Why did you decide to crowdfund?
I’m a massive fan of crowdfunding and I think it should be an integral part of every independent film campaign in that you’re actively promoting your film by means of crowdfunding.
I think we wanted it to be integral right from the get-go in publicizing people’s sharing of independent films because at the end of the day this is supporting it. People who donate are actively saying ‘I support indie film therefore this production should go ahead as a trademark of that.’ This film is actually really trying to, y’know, scream to filmmakers that anything is possible even on a limited set of resources.
Crowdfunding is a very easy thing to get right, but also a very easy thing to get wrong.
I’ve done different campaigns of different levels of success. It’s kind of chartered by the amount of money raised per production. Every production is different. But on a case-by-case basis I think that the core essence of every successful campaign is the marketing and the people power and conversations behind it. If you can get people talking about it, if people can share it and like it.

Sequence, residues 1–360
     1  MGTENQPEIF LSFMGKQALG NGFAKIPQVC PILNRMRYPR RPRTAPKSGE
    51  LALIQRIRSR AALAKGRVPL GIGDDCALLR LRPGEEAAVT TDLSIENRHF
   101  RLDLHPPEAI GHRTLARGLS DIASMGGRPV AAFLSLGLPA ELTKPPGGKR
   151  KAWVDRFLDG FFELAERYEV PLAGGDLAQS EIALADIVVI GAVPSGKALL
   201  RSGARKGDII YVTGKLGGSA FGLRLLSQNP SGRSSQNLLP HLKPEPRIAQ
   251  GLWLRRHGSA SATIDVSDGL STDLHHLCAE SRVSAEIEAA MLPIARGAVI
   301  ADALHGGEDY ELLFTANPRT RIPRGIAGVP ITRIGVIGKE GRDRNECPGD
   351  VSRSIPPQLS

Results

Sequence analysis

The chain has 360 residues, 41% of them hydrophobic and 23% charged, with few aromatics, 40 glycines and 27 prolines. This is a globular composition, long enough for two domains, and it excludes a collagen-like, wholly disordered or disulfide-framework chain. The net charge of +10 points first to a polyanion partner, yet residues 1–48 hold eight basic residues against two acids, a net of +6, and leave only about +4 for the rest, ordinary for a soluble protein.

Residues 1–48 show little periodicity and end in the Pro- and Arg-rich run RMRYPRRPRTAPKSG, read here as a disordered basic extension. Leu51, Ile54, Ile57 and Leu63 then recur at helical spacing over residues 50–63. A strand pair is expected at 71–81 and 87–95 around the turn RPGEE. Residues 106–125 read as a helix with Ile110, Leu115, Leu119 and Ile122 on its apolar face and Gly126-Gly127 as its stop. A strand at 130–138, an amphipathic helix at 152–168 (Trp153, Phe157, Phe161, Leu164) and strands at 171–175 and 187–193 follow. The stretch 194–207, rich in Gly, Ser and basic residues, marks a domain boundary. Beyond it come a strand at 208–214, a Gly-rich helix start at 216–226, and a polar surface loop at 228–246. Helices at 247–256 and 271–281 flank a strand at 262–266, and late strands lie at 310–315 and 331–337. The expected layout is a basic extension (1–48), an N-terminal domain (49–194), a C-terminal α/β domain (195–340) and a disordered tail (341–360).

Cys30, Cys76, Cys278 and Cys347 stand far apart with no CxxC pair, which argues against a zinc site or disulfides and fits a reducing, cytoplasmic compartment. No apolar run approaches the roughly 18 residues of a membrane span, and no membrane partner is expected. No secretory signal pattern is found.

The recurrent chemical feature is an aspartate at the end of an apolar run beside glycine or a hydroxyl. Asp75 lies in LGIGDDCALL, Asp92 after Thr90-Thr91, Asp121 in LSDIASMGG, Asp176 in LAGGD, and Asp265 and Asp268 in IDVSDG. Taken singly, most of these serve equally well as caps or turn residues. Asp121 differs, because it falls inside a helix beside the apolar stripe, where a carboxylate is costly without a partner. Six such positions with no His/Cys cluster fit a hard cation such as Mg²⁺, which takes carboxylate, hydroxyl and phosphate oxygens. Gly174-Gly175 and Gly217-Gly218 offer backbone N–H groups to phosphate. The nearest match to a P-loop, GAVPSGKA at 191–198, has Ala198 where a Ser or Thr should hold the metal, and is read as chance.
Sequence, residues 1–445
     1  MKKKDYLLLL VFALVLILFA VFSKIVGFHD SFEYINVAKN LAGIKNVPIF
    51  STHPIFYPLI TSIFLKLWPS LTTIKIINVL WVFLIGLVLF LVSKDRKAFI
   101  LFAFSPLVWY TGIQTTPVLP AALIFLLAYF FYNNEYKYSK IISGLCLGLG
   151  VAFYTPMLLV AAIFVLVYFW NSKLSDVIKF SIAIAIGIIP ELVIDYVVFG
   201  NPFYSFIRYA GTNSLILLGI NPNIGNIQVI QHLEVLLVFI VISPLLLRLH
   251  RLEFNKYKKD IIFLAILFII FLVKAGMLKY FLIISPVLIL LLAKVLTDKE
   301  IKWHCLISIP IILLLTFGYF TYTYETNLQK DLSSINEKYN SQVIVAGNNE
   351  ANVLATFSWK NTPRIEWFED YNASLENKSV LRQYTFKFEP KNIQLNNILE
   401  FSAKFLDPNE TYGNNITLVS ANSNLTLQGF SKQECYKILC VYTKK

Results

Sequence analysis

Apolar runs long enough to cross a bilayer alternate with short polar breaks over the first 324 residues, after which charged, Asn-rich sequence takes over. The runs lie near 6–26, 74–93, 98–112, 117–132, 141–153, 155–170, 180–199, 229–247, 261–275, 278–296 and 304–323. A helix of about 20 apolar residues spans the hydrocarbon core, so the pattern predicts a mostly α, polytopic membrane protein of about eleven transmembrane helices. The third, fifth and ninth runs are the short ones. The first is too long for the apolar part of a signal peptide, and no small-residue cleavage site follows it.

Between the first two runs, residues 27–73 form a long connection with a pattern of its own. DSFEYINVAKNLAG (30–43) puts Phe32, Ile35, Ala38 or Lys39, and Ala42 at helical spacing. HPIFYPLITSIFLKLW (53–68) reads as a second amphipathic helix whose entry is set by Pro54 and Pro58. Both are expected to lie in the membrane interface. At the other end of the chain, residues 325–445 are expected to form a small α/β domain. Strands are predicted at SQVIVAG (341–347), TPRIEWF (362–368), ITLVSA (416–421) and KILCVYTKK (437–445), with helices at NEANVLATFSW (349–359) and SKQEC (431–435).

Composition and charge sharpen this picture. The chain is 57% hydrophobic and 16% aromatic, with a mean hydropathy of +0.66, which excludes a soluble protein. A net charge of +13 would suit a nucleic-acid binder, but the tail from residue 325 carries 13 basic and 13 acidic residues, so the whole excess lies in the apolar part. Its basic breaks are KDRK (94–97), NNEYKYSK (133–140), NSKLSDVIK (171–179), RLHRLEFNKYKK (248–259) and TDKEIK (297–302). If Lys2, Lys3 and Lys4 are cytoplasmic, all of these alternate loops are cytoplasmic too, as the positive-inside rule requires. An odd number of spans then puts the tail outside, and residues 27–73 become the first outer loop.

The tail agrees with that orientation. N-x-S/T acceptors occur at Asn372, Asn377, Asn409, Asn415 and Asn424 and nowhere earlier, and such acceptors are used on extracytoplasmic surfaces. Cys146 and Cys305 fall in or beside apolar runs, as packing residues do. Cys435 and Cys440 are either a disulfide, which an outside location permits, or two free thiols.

I find that likes and shares are actually not really representative of trends and hash-tagging though. Facebook and Twitter have all sorts of algorithms that have repositioned things depending on favouritism and where territories are. It’s just kind of sneaky stuff, that basically in theory, the more people that use a hashtag thread the higher and stronger it should appear in search engines. But that’s actually not the case. It’s all about who you’re targeting. It’s better to target smaller groups of people who you definitely think will support the project. And if they’ve got a good network of people – you kind of target the people with good networks rather than targeting lots of people. You’re creating these sort of troops so maybe 20 people who are great and then each of them can target like 10 or 20 people. You’ve got an umbrella effect of conversation. That’s the best way to do it and that is becoming an emerging thing that I think some filmmakers are realising.
Where does the money go?
The money goes straight into production funds, in the expenditure categories. That constitutes location expenses, location permits so we could shoot in the places that we did, travel for our cast and crew, food for them, as well as making sure they’re looked after and can get where they need to get to. Production logistics, let’s say that’s the umbrella term.